Do people realise how long it takes to write ‘short’?
Writing ‘short’ is hard, especially when trying to use natural language with a limited vocab, then refining a story down to its elements while still retaining freshness and fun. Most people don’t realise it — until they try it themselves.
Chris and I brainstormed Not Any More in a cafe in Carlton, when she was having trouble cutting her story down to level 1. So instead of describing each of the changes, we decided on repeating “Not any more.” It was effective, the repetition was fun and good for beginners, and Moira’s gorgeous cartoons carried the details of the various changes over time, which are great for discussion.
Is this done in work time? In your free time?
In our free time. Only the meetings take place at PRACE. Printing, dealing with orders, etc. is also done by PRACE admin staff these days, though initially I organized the printing.
How can they be so cheap? And do you make a profit?
We decided at the start that it wasn’t about profit — PRACE is a not-for-profit organization — it was about creating and sharing resources, and also about sharing some teaching techniques, via the exercises in the back of the books and the free ones on the web. When we started we were very aware that a lot of tutors in the community field worked in quite isolated situations, and were often young and inexperienced.
So we aimed firstly to cover costs, and make a little bit more for future costs, and anything left over is shared between the three creators and PRACE. The books have been more successful than we dreamed.
And deservedly so! Tell me about new directions, like going digital?
Digital seemed an obvious choice, as so many organizations have classes working on computer. And the colour we can use in digital really pops. It’s still too expensive to print the books in colour, as that would put the price up a lot, and we think the cartoons are charming and effective enough in black and white. So Moira draws them first in black and white, copies them, then uses watercolours for the coloured versions.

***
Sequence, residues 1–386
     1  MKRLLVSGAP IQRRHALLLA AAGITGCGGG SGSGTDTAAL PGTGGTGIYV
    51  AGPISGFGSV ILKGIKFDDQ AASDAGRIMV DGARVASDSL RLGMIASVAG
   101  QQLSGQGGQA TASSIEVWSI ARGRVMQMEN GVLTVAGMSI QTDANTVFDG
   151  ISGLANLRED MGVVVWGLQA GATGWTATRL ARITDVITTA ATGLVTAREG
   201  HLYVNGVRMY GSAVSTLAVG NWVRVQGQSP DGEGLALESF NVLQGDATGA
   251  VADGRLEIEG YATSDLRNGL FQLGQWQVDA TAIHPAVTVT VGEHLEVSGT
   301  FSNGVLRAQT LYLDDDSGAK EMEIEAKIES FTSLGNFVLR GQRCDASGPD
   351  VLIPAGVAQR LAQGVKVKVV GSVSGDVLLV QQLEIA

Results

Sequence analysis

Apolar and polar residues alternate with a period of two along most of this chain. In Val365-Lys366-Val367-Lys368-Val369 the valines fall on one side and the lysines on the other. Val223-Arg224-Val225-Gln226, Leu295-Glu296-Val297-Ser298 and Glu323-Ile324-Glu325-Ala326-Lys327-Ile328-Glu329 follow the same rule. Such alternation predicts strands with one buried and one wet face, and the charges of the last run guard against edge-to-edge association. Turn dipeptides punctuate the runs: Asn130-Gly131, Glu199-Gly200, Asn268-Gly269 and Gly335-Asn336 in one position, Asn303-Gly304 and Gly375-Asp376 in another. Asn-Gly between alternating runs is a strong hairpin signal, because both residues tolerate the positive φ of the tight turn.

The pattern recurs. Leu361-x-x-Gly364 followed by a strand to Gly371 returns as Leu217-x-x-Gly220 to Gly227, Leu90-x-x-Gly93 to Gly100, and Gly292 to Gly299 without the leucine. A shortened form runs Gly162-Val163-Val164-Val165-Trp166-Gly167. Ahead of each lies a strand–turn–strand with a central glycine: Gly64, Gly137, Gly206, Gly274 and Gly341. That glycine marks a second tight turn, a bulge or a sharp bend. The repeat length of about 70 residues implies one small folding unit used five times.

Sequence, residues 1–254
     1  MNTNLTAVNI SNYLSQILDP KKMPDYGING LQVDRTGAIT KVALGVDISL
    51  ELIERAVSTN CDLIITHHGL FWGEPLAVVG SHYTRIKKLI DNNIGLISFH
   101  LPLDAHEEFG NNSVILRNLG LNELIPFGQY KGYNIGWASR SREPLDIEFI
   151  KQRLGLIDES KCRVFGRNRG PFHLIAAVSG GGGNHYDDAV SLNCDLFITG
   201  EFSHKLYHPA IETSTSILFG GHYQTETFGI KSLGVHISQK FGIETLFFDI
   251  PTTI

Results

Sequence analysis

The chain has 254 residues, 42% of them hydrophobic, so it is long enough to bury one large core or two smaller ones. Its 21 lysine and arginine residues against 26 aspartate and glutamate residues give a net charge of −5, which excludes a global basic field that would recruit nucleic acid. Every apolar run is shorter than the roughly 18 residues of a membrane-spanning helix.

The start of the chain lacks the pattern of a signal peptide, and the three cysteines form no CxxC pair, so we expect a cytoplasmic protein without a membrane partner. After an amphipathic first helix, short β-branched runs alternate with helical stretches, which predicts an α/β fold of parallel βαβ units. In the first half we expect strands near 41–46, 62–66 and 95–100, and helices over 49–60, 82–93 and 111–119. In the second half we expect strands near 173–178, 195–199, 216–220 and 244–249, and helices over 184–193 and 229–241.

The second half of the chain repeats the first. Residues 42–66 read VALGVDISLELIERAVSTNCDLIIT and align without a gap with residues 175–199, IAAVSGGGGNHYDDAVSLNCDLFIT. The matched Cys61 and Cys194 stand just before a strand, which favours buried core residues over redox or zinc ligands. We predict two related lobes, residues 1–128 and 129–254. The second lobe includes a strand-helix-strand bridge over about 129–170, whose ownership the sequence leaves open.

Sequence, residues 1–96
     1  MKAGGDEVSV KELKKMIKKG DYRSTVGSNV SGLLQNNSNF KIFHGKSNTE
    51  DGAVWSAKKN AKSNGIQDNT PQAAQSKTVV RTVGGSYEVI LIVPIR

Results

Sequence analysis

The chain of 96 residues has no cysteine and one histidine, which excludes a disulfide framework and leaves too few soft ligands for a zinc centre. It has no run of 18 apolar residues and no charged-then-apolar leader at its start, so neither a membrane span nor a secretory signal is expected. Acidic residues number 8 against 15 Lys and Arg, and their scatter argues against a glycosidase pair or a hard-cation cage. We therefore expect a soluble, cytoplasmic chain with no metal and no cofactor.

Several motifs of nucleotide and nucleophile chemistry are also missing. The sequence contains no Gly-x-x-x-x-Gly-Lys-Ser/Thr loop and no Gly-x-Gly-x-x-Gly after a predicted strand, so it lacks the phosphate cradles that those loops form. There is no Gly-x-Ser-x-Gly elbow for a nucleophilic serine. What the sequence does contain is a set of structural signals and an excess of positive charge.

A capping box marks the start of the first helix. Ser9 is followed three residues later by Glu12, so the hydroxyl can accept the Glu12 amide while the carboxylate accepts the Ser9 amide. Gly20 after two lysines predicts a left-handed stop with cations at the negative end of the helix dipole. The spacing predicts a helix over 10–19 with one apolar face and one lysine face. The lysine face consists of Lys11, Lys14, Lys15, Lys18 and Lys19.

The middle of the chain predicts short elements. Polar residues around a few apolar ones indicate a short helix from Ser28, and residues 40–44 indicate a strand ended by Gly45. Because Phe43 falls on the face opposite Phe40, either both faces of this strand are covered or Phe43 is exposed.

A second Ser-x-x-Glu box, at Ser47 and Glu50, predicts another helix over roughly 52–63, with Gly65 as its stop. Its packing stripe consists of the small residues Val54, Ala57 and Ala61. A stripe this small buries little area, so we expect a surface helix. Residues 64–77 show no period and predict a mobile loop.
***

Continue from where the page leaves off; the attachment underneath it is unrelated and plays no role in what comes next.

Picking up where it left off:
Is there one level that’s more in demand than others?
It varies. A lot of organizations snap up the yellow and red (beginners’ levels) but we’ve also had requests for longer books, which is why we added the level 4 plus books. But lots of organizations just buy a whole series at a time, as teachers have discovered that readers like to browse, and choose for themselves. Once they’ve read the level 1’s, they just go on to the next and the next.
It’s terrific to have such a wide choice. Series #9 is the latest – how many series to come?
Series #9 is our Crime series, and series #10 is on the way. Moira is working on the cartoons right now. As for how many more series, while they keep selling, we’ll keep producing them. People seem to like getting new titles, and we enjoy creating them.
That’s good news. Any memorable moments you want to share?
There are many, but I’ll never forget the day I picked up the first series from the printer and walked into my class with some copies to show my students. It was a beginners literacy class, with some native born students, some long term migrants, and a couple of MID (mild intellectual disability) students.
Graeme, a 50-something native-born MID student, picked up I Want A Holiday, slowly read the title aloud and said, “I could do with one of them,” – meaning a holiday. He then proceeded to read the whole book aloud, not realizing that the entire class had gone silent and was watching him. He finished it, triumphantly clapped the covers shut between his hands, and said, grinning, “That’s the first book I’ve ever read all the way through.” And the class burst into spontaneous applause.
I knew then that the PageTurners experiment was going to work.
What a great moment. Thanks, Anne (and the rest of the team!)
If you want to find out more about Pageturners, they’re on the PRACE website: https://pageturners.prace.vic.edu.au